The colonization of America changed the climate

History painting (1848) by Emanuel Leutze:

History painting (1848) by Emanuel Leutze: “The storming of Teocalli by Cortez and his troops”. The Spanish conquest of vast areas of America led to a massive population decline. Image: Pinterest

05.02.2019, 19:5306.02.2019, 13:09

Daniel Huber
Daniel Huber

consequences

Man is changing the climate. Although this finding is not undisputed, it is shared by the clear majority of climatologists. The anthropogenic change in the climate is one of the reasons why some scientists are even talking about a new geological era, the Anthropocene.

However, when it comes to man-made climatic phenomena, the focus is rarely on processes that took place before the start of the industrial revolution. This does not apply to a study dealing with the effects of the European colonization of America – long before the first steam engines – on the global climate. The researchers at University College London, who published their findings in the “Quaternary Science Reviews”, come to the surprising conclusion that the so-called “Little Ice Age” is one of the unforeseeable consequences of this world-historical process.

This cooling of the climate, which began in the 15th century and lasted into the early 19th century, followed the Medieval Warm Period and was caused by increased volcanic activity and, to a lesser extent, reduced solar radiation. The global temperature dropped by about 0.8°C during the Little Ice Age; in some European regions it was even lower by up to 2°C. This led to crop failures in agriculture and, as a result, to more frequent famines.

In addition to the factors mentioned that caused this cooling, the study mentioned should also be responsible for the mass extinction that began with the beginning of the European colonization of the American continent. The massive population decline in North America, but above all in Central and South America, meant that huge areas were no longer used for agriculture and were therefore again overgrown by forest. The newly formed forests bound so much of the greenhouse gas CO at high speed2 from the air that the temperature dropped worldwide.

In fact, after the arrival of the Europeans in 1492, a terrible bloodletting ensued among the native population. Estimates of the population of the American double continent at the end of the 15th century differ from each other, but the authors of the study assume a population of around 60 million, which corresponded to around ten percent of the world population at the time. About half of them lived in Central America, a quarter in the Inca Empire.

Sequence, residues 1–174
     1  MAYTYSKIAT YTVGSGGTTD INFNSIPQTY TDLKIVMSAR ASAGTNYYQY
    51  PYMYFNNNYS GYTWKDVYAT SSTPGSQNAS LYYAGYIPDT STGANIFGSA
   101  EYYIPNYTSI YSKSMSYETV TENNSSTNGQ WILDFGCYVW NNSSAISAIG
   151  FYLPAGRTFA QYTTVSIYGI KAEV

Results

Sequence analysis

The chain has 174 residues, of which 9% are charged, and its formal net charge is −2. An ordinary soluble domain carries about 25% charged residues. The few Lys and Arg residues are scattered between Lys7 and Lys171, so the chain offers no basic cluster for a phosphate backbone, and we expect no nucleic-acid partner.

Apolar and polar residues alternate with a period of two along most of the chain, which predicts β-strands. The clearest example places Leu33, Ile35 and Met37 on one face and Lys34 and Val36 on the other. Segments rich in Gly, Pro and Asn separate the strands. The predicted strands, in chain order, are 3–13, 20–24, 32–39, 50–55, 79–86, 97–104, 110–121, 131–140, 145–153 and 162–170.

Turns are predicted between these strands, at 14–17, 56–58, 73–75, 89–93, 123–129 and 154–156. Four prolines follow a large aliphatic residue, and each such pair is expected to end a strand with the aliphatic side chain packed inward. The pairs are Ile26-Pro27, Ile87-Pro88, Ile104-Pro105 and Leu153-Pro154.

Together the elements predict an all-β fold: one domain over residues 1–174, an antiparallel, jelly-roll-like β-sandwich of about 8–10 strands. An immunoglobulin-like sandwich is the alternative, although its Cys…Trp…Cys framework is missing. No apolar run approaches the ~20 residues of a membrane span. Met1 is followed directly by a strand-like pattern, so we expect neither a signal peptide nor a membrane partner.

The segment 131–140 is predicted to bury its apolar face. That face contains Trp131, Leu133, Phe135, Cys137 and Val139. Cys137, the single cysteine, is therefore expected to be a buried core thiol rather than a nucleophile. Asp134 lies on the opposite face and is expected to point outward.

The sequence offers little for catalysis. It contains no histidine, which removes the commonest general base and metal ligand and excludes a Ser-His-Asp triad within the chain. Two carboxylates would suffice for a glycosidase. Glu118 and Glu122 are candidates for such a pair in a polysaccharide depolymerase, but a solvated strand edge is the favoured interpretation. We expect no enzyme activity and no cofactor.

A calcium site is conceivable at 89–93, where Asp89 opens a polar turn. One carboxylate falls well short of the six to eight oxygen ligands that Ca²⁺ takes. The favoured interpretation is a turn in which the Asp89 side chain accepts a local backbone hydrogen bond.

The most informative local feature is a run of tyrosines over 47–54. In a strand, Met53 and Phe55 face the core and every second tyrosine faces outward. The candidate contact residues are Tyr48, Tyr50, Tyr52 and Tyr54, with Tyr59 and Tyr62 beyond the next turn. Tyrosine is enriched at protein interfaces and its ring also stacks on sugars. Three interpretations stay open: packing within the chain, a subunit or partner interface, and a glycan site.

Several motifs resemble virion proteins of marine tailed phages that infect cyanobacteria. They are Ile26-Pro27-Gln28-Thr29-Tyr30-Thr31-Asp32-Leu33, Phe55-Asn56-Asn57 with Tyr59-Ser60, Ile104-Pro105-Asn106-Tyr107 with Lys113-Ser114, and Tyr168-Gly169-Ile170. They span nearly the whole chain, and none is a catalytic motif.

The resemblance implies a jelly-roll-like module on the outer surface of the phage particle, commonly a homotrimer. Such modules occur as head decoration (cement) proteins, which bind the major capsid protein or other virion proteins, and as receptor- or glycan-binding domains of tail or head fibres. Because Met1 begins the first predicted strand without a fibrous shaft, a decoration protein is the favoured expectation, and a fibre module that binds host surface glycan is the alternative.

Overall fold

The conquerors from Europe persecuted and enslaved the indigenous people.  

The conquerors from Europe persecuted and enslaved the indigenous population. Image: public domain

A hundred years later, the indigenous population had shrunk to just 4 to 5 million. Around 1500 there were still 22 million inhabitants in Mexico, around 1600 there were just under 1 million.

This, in absolute numbers, the greatest demographic catastrophe of mankind was caused by wars, but also by the – partly organized – persecution and enslavement of the locals. By far the most important cause, however, were diseases such as measles or smallpox, which were brought in by the Europeans and against which the indigenous population had hardly any defenses.

Diseases - here smallpox - killed millions after the arrival of Europeans in America.    

Diseases – here smallpox – killed millions after the arrival of Europeans in America. Image: Shutterstock

A population decline of this magnitude inevitably had consequences for the agricultural land cultivated in America. Around 55 million hectares of cultivated land – an area the size of France – now lay fallow and was reclaimed by nature. The millions of trees and other plants now overgrowing the fields drew so much CO2 from the atmosphere that, according to the study, this will result in a significant decrease in global CO2-levels effected. This in turn led to an average cooling of 0.15°C in the late 16th and early 17th centuries.

Evidence that between the two processes – i.e. the decline in land use and CO2-Decrease – the researchers found that there could be a connection in a completely different place: in Antarctica. Ice drilling there shows that in the 16th century an abnormal decrease in CO suddenly occurred2-Salary in the atmosphere.

At the same time, studies on the American continent also point to differences in the coal and pollen deposits – presumably fewer areas were set on fire so that they could be used for agriculture again. So nature had a free rein there.

Map shows pre-Columbian land use and areas of Central and South America affected by plagues around 1600.    

The map shows pre-Columbian land use and Central and South American areas affected by plagues around 1600. Map: Sciencedirect.com/Alexander Koch

Ed Hawkins, a climatologist at Reading University who was not involved in the study, told the BBC scientists believe the Little Ice Age was caused by a variety of factors. In addition to volcanic activity and the temporary reduction in solar radiation, he also mentions changes in land use and the decrease in CO2– Salary in the atmosphere. The new study shows that the CO2-Decline caused in part by the discovery of the Americas and the collapse of the indigenous population.

The authors of the study point out that their research shows that human influence on the climate began before the industrial revolution. Global warming, which is troubling us today, is based on the opposite effect: Burning fossil fuels and burning forests releases more CO2 into the atmosphere than is rebound by the growth of vegetation.

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